What I see in our Msc programme is that we are able to produce graduates as “connector” to bring the finance and sustainability to the same table of conversation and decision-making process.

What key trends will shape the future of ESG jobs? What should employers do now to make sure they are ready for these trends? 

David: There are number of key trends, including include harmonizing reporting frameworks for better continuity and conformity (think of the ISSB goals), newly proposed federal and state climate-related disclosures will pressure companies and investors to respond and adapt (SFDR, TCFD, CDP), Companies and investors will navigate the increasing risk of litigation related to sustainability (in)actions, Climate strategies will be reconsidered in the face of energy security and affordability concerns, rising costs from physical climate risks will accelerate investments in adaptation and resilience, and a growing interest in circular production aimed at minimizing waste. These trends impact how companies approach ESG and will shape future sustainable business practices.

1. Increased demand for ESG professionals: As companies become more aware of the importance of ESG, they will need to hire more professionals with expertise in this area. Employers should start looking for candidates with the right skills and experience now to ensure they are ready for this trend.

2. Greater focus on data-driven decision making: ESG professionals will need to be able to analyze and interpret data to make informed decisions. Employers should invest in data-driven tools and training to ensure their ESG professionals have the skills to make the best decisions.

3. Increased emphasis on stakeholder engagement: Companies will need to engage with stakeholders to ensure their ESG initiatives are successful. Employers should invest in stakeholder engagement strategies and training to ensure their ESG professionals are prepared.

4. Growing importance of technology: Technology will play an increasingly important role in ESG initiatives. Employers should invest in technology solutions and training to ensure their ESG professionals are up to date with the latest tools and trends.

Weina: I can see that the landscape of ESG is still developing in Asian countries. There is still a lack of standardization of data, and quality disclosure from companies and sustainable projects. On the other hand, the policy shift and regulations are moving very fast due to Paris agreement and National Determined Contribution (NDCs). Hence, the opportunities lie with the talents who can obtain quality data and make the best use of them to generate business opportunities.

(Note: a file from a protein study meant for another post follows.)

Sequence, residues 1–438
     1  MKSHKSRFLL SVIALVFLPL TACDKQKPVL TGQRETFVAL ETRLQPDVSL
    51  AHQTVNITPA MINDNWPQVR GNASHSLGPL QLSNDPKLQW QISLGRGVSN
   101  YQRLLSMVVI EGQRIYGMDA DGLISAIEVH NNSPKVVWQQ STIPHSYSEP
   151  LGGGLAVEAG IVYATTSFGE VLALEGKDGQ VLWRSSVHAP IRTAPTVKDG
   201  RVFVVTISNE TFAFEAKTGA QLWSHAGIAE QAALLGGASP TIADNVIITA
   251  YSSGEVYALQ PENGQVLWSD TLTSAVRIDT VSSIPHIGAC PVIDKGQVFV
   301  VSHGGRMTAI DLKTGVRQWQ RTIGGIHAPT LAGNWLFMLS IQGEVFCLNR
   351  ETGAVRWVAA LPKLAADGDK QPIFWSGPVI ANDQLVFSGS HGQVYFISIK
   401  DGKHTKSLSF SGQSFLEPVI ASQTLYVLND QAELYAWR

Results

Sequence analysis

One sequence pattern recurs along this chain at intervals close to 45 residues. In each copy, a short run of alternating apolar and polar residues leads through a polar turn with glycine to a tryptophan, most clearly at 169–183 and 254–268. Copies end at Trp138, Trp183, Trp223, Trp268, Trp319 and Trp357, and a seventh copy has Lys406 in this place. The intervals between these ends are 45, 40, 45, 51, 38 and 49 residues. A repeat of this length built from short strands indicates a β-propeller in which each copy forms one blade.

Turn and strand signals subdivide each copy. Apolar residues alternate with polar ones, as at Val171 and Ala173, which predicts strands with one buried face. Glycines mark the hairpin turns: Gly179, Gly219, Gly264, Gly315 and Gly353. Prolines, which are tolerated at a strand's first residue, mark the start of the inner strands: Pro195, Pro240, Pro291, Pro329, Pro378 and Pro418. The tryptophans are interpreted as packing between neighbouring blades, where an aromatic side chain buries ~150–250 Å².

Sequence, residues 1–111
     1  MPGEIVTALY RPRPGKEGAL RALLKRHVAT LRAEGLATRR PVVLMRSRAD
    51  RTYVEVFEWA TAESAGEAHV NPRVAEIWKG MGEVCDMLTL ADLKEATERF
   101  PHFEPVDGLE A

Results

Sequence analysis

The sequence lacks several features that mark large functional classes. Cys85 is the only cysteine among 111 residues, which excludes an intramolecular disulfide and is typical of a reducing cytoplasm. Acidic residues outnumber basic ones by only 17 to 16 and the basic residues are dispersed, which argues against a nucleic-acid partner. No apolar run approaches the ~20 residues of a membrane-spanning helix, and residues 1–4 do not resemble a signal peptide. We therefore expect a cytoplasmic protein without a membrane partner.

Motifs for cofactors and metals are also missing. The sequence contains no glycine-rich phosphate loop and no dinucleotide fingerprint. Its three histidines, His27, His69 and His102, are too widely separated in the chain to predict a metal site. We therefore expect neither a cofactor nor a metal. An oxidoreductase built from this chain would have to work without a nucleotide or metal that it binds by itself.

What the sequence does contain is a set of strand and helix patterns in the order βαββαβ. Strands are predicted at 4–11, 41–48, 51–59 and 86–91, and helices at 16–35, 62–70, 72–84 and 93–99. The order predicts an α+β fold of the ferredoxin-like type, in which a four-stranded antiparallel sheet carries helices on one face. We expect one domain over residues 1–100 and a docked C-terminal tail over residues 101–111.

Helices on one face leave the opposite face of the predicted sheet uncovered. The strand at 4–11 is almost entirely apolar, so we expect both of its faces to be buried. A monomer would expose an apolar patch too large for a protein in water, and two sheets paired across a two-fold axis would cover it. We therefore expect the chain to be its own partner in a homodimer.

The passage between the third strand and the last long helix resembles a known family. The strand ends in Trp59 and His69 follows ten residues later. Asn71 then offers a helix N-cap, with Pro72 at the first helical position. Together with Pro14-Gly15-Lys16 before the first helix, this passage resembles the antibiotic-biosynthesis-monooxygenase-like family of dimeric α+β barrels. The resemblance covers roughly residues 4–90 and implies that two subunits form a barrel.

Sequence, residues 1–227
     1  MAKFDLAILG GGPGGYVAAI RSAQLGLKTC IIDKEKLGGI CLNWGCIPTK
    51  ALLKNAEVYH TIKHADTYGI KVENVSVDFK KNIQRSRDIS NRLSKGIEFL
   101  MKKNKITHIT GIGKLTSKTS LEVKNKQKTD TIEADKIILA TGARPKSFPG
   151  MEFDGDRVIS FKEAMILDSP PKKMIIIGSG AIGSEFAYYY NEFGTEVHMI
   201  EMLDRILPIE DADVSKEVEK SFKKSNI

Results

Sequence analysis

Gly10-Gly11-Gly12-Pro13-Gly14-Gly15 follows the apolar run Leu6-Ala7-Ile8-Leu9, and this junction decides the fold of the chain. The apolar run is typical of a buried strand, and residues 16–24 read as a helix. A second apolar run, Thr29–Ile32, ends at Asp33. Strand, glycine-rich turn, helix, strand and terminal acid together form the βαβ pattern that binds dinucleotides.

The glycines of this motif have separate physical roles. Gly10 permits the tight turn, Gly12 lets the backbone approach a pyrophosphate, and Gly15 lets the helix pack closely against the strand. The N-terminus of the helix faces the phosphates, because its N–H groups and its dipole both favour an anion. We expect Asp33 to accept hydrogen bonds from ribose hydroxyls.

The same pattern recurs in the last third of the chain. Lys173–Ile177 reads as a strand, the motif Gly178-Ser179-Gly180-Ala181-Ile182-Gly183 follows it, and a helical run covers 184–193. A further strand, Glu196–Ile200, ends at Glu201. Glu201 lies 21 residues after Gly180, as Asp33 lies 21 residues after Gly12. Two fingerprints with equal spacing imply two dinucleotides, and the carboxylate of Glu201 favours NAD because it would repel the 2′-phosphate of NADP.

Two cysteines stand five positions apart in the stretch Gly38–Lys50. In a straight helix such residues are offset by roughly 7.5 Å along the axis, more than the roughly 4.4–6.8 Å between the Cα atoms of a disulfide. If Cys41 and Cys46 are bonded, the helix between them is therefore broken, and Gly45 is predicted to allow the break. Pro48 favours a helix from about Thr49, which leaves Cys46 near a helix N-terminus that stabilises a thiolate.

The data analytical skills, critical analysis skills, and proactive learning and knowledge processing skills will put some people ahead of the labor force curve. Organizations who can obtain such talents will have a head start on their transition and net-zero pathways.

I would suggest that companies should be at watch for the emerging labor market supply for specialized young talents as well as riding on the opportunities to send their existing employees for the adult learning and training programmes provided by credible educational institutions.

Katherine: I think I could speak on a whole panel on this, Simon!

It’s important to note that this answer will vary from geography and of course institution and David and Weinar have answered some of the market technicalities. From a recruitment perspective, we are seeing investors and business leaders, embedding ESG metrics to their processes and business practices more and more. I met with an Impact Portfolio manager yesterday, who not only invests, but looks at the impact mandates for the investments too – in some firms, this is separate. We’re currently recruiting an opportunity for a firm, to hire a position with a dual ESG and IR focus – so I think this will be the trend more and more.

The landscape is changing all the time, we’ve seen a big shift to the S and the G components of ESG this year, one of the big changes within the market has been salaries – particularly at the junior level. To any hiring managers wishing to discuss this, I recently published our first ESG and Impact salary compensation report – please connect with me to discuss this in more detail.

To watch the video recording, click here.

To access open roles across ESG, click here.